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Articles by M Saito
Total Records ( 2 ) for M Saito
  M Saito , K Kimoto , T Nagai , S Fukushima , D Akahoshi , H Kuwahara , Y Matsui and K. Ishizuka
 

We demonstrate local crystal structure analysis based on annular dark-field (ADF) imaging in scanning transmission electron microscopy (STEM). Using a stabilized STEM instrument and customized software, we first realize high accuracy of elemental discrimination and atom-position determination with a 10-pm-order accuracy, which can reveal major cation displacements associated with a variety of material properties, e.g. ferroelectricity and colossal magnetoresistivity. A-site ordered/disordered perovskite manganites Tb0.5Ba0.5MnO3 are analysed; A-site ordering and a Mn-site displacement of 12 pm are detected in each specific atomic column. This method can be applied to practical and advanced materials, e.g. strongly correlated electron materials.

  Y Minegishi , M Saito , M Nagasawa , H Takada , T Hara , S Tsuchiya , K Agematsu , M Yamada , N Kawamura , T Ariga , I Tsuge and H. Karasuyama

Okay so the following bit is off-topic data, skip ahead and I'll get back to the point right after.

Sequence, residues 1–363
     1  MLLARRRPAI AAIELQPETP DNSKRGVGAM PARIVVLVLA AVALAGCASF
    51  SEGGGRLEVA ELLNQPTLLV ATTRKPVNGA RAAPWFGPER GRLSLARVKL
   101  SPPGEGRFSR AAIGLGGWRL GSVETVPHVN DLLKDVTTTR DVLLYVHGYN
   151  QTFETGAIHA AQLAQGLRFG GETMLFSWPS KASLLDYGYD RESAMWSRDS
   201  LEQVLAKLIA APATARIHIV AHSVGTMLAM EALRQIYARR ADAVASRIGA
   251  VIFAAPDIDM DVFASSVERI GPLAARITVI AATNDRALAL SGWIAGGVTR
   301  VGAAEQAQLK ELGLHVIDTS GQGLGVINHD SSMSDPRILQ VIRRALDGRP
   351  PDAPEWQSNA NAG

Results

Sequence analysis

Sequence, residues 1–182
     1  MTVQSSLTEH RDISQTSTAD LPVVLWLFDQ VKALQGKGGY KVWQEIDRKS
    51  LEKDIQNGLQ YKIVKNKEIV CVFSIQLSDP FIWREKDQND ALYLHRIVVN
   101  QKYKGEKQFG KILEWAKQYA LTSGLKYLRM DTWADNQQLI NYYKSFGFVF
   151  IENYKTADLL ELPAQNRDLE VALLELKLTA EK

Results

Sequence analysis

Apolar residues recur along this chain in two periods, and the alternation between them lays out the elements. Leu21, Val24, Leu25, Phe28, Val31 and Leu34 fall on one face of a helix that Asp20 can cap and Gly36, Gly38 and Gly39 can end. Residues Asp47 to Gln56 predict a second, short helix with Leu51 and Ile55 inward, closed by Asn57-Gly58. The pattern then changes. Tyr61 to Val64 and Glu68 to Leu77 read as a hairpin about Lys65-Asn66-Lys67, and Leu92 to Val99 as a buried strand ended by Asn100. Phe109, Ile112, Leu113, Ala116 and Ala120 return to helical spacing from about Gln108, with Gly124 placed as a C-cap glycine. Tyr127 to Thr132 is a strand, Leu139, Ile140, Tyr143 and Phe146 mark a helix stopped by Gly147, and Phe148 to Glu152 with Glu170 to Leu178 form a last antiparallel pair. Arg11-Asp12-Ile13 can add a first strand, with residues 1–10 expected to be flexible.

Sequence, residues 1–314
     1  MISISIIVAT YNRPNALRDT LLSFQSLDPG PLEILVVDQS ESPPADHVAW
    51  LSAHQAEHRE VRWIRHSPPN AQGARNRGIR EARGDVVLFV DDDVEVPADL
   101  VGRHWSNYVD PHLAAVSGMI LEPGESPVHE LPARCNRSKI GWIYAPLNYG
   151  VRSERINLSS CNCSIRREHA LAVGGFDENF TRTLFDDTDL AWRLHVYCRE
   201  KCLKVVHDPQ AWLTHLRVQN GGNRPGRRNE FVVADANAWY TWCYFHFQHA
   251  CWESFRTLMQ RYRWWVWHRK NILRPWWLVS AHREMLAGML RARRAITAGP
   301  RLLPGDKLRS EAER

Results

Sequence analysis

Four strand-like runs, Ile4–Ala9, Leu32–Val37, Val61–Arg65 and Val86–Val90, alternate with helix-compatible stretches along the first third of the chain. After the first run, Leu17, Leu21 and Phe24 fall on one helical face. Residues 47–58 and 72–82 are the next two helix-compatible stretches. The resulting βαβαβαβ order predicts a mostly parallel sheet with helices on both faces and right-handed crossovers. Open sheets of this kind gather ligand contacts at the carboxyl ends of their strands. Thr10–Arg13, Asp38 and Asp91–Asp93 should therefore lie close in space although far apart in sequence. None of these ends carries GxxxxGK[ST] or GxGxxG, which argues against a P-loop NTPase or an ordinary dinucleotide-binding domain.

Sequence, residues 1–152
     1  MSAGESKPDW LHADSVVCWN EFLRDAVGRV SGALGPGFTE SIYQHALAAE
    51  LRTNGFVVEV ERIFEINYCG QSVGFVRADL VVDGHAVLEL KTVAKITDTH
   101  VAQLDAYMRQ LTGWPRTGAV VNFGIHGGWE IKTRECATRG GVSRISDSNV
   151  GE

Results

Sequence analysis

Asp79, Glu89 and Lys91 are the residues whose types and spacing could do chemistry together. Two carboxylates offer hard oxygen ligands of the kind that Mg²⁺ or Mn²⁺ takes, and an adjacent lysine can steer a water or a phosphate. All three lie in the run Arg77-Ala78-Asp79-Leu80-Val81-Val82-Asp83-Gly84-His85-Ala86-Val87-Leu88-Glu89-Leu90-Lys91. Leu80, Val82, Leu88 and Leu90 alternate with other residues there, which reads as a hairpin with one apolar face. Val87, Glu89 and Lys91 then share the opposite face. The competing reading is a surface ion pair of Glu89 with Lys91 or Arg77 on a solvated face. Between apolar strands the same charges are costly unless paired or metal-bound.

Hyper-IgE syndrome (HIES) is a primary immunodeficiency characterized by atopic manifestations and susceptibility to infections with extracellular pathogens, typically Staphylococcus aureus, which preferentially affect the skin and lung. Previous studies reported the defective differentiation of T helper 17 (Th17) cells in HIES patients caused by hypomorphic STAT3 mutations. However, the apparent contradiction between the systemic Th17 deficiency and the skin/lung-restricted susceptibility to staphylococcal infections remains puzzling. We present a possible molecular explanation for this enigmatic contradiction. HIES T cells showed impaired production of Th17 cytokines but normal production of classical proinflammatory cytokines including interleukin 1β. Normal human keratinocytes and bronchial epithelial cells were deeply dependent on the synergistic action of Th17 cytokines and classical proinflammatory cytokines for their production of antistaphylococcal factors, including neutrophil-recruiting chemokines and antimicrobial peptides. In contrast, other cell types were efficiently stimulated with the classical proinflammatory cytokines alone to produce such factors. Accordingly, keratinocytes and bronchial epithelial cells, unlike other cell types, failed to produce antistaphylococcal factors in response to HIES T cell–derived cytokines. These results appear to explain, at least in part, why HIES patients suffer from recurrent staphylococcal infections confined to the skin and lung in contrast to more systemic infections in neutrophil-deficient patients.

 
 
 
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